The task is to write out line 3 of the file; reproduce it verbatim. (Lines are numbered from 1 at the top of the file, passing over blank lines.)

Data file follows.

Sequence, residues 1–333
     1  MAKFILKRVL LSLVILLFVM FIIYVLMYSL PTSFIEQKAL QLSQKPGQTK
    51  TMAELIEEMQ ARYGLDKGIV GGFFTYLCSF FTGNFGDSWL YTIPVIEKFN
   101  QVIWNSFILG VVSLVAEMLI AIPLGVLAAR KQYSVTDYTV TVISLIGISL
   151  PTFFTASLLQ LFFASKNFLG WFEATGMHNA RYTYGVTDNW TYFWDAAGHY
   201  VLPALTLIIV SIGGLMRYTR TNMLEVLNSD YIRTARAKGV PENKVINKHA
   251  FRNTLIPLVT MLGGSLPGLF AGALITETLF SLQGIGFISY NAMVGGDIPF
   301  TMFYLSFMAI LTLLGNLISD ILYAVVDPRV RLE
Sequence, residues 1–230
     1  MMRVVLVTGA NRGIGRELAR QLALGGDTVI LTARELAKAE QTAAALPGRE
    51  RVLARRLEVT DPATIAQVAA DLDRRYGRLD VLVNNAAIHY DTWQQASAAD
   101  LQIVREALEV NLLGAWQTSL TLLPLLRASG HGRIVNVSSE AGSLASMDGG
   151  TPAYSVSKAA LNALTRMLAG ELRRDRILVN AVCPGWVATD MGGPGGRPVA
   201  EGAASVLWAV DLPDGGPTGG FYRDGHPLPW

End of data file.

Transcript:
    51  TMAELIEEMQ ARYGLDKGIV GGFFTYLCSF FTGNFGDSWL YTIPVIEKFN